Since 1963, the Pirelli Calendar has been distributed in incredibly limited quantities to a restricted number of high-profile clients and celebrities. With such a prestige and rich history, the 44th edition of this legendary creation went against the grain as the images featured were free from extensive editing and touch-ups. Titled as “Emotional”, it was emphasised that the aim of the calendar was “not to shoot about perfect bodies but to capture sensitivity and emotion, laying bare the souls of women in the images.”
With more high-profile businesses seeking to serve raw and honest imagery, a standard has been set for advertisers to offer a certain degree of transparency and integrity in their visual creations.
Advertising has a duty to remain contemporary and in-tune with social and political developments globally, methodically analysing and adapting to current trends and fashions. With the sole aim of enticing the public, advertisements that seem “out of touch” with reality and the consumer run the risk of being disregarded as being something fictional and thereby unappealing and unobtainable to the public.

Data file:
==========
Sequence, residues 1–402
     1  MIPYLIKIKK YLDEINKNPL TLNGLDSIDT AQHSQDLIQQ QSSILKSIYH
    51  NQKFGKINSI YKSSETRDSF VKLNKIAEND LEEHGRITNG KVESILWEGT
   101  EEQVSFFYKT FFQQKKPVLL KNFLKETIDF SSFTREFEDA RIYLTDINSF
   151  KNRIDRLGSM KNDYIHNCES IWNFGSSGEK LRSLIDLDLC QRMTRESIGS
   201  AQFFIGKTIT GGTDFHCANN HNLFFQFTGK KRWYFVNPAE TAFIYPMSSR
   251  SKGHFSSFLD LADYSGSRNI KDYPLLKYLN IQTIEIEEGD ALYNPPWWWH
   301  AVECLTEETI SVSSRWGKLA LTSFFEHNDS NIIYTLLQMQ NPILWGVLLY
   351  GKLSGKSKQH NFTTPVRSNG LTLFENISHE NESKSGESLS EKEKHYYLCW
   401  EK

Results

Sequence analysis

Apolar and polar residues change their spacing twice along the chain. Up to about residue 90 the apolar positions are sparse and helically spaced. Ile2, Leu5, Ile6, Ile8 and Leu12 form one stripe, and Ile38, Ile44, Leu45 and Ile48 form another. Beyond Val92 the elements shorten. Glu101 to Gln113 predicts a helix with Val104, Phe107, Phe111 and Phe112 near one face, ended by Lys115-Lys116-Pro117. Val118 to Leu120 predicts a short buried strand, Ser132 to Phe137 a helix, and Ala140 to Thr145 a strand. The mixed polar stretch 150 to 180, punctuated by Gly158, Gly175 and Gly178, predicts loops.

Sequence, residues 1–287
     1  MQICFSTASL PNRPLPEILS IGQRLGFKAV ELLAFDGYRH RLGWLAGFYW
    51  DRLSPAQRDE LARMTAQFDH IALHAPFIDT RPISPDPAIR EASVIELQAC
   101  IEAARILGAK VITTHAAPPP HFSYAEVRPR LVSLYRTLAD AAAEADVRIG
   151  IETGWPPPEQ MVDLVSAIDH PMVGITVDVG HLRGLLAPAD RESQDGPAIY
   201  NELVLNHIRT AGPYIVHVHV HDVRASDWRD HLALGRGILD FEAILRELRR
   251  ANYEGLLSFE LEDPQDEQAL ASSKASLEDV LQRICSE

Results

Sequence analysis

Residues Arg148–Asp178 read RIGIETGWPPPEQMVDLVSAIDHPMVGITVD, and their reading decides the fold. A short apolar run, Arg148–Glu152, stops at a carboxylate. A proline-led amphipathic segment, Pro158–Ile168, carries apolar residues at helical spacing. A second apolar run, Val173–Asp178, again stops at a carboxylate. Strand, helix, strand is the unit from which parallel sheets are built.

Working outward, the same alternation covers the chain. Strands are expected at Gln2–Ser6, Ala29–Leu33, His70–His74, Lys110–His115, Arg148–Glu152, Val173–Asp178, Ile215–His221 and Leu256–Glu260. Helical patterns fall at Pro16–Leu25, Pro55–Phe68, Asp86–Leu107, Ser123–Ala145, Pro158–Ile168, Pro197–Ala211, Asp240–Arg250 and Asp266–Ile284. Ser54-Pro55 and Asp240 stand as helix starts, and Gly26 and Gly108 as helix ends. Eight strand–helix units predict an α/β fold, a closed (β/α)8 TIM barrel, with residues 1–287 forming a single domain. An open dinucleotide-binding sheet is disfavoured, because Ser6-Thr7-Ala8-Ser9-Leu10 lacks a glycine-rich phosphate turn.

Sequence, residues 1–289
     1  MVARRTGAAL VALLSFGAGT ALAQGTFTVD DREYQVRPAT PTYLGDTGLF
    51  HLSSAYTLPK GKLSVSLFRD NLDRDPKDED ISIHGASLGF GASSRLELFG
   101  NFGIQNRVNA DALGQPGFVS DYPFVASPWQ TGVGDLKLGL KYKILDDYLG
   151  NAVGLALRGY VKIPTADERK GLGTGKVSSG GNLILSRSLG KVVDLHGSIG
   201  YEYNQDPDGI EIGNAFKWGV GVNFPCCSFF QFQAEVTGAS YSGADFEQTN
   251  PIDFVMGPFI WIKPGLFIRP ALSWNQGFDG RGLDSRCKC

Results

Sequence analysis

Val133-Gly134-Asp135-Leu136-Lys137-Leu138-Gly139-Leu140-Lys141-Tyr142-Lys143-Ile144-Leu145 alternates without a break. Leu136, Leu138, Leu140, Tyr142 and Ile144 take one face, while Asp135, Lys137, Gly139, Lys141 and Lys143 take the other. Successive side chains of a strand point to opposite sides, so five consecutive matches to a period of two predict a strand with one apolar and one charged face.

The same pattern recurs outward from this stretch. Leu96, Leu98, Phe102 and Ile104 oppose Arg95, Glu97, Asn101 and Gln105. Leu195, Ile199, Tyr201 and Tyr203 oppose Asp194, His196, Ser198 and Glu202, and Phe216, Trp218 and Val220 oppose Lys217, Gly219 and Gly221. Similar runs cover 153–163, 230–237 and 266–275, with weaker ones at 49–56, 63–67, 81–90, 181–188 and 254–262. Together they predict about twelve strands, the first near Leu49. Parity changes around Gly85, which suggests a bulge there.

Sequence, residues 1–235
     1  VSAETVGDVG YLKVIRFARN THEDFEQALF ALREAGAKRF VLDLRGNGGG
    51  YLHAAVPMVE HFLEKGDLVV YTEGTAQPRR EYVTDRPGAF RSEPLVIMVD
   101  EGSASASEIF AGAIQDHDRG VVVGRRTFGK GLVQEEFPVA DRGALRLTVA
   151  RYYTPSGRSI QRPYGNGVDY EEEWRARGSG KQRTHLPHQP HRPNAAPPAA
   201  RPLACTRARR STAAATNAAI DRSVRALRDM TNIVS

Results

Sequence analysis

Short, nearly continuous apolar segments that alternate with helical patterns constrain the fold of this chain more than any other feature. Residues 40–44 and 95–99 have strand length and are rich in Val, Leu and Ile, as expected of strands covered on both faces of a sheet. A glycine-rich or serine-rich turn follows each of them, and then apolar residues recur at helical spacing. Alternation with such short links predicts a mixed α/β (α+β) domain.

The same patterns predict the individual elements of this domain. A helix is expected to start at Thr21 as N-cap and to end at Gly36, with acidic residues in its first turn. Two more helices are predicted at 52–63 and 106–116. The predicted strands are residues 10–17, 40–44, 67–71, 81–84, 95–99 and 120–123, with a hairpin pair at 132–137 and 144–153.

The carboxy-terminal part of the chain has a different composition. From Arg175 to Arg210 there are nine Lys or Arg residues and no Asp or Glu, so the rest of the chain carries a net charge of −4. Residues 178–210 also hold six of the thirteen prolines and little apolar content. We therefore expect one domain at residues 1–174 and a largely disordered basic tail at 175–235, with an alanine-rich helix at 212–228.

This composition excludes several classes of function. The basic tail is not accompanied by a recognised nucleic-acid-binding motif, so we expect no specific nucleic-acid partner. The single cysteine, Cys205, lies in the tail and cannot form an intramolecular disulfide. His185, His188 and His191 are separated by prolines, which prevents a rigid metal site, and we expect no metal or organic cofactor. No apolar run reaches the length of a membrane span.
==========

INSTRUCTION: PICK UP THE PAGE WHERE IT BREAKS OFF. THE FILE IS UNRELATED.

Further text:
The two key visual trends touched on in this article hold the same value: advertisements need to provide an authentic, visually bold and fearlessly real stand point for the public to relate and feel empathy towards. The industry of advertising and marketing orbits around connecting with consumers on a personal and emotional level, and producing advertisements that appeal to the senses of the reader or viewer betters the chance of connecting through those thoughts and feelings.
What are your thoughts on the adverts highlighted in this article? Do you see “raw” imagery as something that can spark appeal or controversy? Tweet us @FastWebMedia.